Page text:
Like I said, I’ve been remiss in my updates and now I’m working to correct that.
The mural has come a long way since my last post! We’ve added plenty of color and texture, personality and interest to this project. I have re-learned to handle acrylic paint on a large scale. I’ve remembered the importance of looking at something from far away to get a better perspective (visually & mentally) on it. I’ve enjoyed hearing feedback from strangers & friends alike as this project continues to develop.
Here, see for yourself!
I have been remiss in my updates! About a month ago, I completed some pen & ink illustrations for a book on Native Californians. Initially, I was simply going to illustrate some Valley Oak leaves and acorns. The twin acorns will serve as a design element throughout the book. The leaves and acorns serve to illustrate an important food source for the people living in the northern Sacramento Valley.
Then my client asked if I could illustrate some baskets and other artifacts. I was thrilled to take on the additional work. It’s been awhile since I did any pen and ink work and I forgot how much I enjoy it! Here’s a look at a couple of the illustrations:
One thing I do to keep myself connected to citizen science projects as well as to continue honing my field-sketching skills is to volunteer to monitor nesting raptors at Pinnacles National Park. This past weekend, as temperatures in the park hovered around 100 degrees, I spent two full days hiking and observing nest sites throughout the park. This is a tough year for nesting raptors so each site is precious and the data I help collect gives park staff a better understanding of both the current and long term raptor behaviors at Pinnacles.
One of the highlights this weekend was observing three Red-shouldered Hawk nestlings who are just about ready to fledge. I use a spotting scope so that I can get a good, close-up view of the birds without being close enough to disturb them.
Back at home, I have another project that involves contributing pen and ink illustrations to a monograph on two groups of Native Californians. My illustrations are of Valley Oak leaves and acorns as well as baskets woven by these groups. I am so excited to be working on this project and to be doing some new pen and ink work. Here’s a preview of those sketches:
This promises to be a busy few weeks but I am looking forward it!
Please also remember that my Monarch piece is still up at the Santa Cruz Museum of Natural History as part of the annual Art of Nature exhibit. The show runs through June 30.
Painting a mural is no joke! We have a huge wall (8’x16′) to paint and with both of us working full time, it’s hard to find large blocks of time to dedicate to this project. What’s more, because of the public nature of the project, there’s the added component of questions, comments, and other interruptions. While that’s all fine and good, it does slow us down.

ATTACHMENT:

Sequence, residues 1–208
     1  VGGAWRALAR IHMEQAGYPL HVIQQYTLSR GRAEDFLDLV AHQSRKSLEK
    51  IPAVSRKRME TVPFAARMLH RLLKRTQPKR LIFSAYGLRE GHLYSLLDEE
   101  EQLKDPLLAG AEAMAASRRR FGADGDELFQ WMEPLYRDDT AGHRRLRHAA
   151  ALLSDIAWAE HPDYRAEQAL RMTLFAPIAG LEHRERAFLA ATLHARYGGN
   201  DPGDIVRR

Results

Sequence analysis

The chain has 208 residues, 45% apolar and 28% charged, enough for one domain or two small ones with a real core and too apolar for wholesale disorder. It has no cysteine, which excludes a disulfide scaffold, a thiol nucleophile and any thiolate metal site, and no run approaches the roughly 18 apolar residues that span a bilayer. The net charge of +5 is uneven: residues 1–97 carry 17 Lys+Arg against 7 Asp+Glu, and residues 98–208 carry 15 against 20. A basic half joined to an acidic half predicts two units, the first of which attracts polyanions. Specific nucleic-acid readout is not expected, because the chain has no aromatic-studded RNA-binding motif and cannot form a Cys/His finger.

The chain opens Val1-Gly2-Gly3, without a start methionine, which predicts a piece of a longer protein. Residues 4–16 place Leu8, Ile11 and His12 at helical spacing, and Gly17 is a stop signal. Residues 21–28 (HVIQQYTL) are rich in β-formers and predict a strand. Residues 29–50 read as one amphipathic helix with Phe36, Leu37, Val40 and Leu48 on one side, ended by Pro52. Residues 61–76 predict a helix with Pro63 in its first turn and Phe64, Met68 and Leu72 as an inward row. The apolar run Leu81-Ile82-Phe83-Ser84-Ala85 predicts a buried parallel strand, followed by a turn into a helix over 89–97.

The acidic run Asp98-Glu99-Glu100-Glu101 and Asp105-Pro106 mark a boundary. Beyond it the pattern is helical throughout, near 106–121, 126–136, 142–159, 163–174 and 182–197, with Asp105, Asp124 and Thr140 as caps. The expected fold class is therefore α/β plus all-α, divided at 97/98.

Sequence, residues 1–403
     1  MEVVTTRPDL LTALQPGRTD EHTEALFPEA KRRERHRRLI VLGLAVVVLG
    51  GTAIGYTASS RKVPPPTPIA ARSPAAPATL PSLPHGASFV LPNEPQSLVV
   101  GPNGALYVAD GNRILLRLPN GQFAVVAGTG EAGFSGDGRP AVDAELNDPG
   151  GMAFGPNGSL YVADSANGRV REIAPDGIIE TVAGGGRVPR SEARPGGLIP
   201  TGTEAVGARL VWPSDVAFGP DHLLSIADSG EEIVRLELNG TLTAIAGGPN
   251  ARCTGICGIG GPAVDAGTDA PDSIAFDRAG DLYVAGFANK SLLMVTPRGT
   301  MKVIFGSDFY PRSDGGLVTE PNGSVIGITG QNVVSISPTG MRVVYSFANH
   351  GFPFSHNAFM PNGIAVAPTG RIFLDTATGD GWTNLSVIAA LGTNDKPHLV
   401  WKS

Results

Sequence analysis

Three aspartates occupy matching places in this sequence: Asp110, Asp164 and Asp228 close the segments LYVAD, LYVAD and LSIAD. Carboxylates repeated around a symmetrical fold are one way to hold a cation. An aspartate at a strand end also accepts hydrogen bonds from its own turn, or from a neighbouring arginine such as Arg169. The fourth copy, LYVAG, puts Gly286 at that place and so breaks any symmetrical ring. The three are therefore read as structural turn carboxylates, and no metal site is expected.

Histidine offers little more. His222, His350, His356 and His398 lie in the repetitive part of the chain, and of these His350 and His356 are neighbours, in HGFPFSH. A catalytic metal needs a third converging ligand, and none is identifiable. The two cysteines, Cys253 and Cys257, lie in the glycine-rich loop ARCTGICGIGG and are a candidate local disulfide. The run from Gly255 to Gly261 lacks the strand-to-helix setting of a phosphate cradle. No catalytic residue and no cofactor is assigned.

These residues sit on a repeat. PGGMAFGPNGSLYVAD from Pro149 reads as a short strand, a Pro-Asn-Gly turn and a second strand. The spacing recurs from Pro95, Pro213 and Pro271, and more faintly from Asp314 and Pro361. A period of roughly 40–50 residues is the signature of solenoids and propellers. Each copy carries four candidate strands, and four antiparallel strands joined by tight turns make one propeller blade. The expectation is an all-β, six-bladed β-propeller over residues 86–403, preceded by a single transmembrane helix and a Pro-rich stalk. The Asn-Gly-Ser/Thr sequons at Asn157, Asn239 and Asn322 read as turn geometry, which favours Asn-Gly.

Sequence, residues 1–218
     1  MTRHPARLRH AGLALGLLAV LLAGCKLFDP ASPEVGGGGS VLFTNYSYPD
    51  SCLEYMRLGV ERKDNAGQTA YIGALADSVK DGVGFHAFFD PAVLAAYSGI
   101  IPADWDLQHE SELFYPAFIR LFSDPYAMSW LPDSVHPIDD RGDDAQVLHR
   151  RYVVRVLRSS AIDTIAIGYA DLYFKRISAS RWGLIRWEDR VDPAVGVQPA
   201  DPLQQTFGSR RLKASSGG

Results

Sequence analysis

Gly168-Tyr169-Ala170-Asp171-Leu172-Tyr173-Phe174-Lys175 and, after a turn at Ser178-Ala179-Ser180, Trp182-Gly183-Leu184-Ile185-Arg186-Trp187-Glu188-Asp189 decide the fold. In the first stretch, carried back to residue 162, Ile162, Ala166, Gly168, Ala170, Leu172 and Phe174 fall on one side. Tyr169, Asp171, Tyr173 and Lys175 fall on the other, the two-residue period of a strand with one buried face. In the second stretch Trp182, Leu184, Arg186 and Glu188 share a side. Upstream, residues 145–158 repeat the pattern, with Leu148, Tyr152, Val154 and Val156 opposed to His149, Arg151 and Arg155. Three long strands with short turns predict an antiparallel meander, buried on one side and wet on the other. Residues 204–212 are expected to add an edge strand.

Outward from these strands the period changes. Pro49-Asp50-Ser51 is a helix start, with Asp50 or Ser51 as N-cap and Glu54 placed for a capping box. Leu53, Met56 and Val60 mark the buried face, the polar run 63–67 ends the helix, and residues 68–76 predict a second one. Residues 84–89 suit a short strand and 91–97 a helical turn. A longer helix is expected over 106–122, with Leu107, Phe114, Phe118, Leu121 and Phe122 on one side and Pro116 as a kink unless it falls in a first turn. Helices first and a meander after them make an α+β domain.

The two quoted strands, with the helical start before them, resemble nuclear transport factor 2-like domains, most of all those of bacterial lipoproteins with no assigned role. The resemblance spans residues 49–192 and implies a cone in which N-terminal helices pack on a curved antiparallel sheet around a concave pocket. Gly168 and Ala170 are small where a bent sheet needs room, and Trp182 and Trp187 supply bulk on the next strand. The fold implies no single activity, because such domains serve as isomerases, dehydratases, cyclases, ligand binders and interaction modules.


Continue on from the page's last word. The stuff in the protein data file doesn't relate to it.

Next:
But despite all the excuses (work, weather, other projects, life), we’ve recently been motivated to get back to work by the presence of new murals going up around us and a run of spectacularly gorgeous days. Plus, it would be embarrassing if it took us a whole year to get this done!
So back to work we are and we’ve made some significant progress over the past couple of days. Enjoy!
A friend of mine posted this recently and it was so important, so relevant, that I have to share: http://monarchwatch.org/blog/
If those numbers don’t paint a clear picture of what is happening, particularly with the eastern populations of our Monarchs, I don’t know what does. It just doesn’t get more serious than this in terms of population crash.
With so much information available about global climate change, the potential impacts it will have on us in the future, and the impacts these changes are having on us now, I think it sometimes easy to overlook the ways that shifts in precipitation patterns, temperature ranges, fire cycles, and various other components of climate can impact other creatures. Furthermore, the introduction of non-native species, disruption of wilderness areas, increased development of open spaces, the threats of air and water pollution as well as many other factors also place immense pressure on ecosystems where inter-species relationships have developed over millennia.
Monarch butterflies are a well-known and well-documented case in point. Female monarchs lay their eggs exclusively on milkweed plants (Asclepias sp.) and the Monarch larvae feed exclusively on milkweed. Without milkweed, the reproductive cycle of the Monarch butterfly is disrupted and the species suffers considerably.
It is my hope that the circular layout of this drawing serves as a reminder that all of our lives are cyclical and that we have to attend to all components of the cycle in order to thrive.
I am in the process of applying to be an artist-in-residence at the California Academy of Sciences for the spring/summer 2014. Toward that end, I have complied a new portfolio showcasing a range of my work over the last five years. Please see the link below to a PDF of my portfolio.
This gallery contains 4 photos.
A family wedding took me to Maui last week. After a couple of days of festivities, I was free to explore the island a bit. One morning, I went to the top of Haleakala volcano to watch the sun rise and also search for the endangered Nene goose, the state bird of Hawai’i. I was […]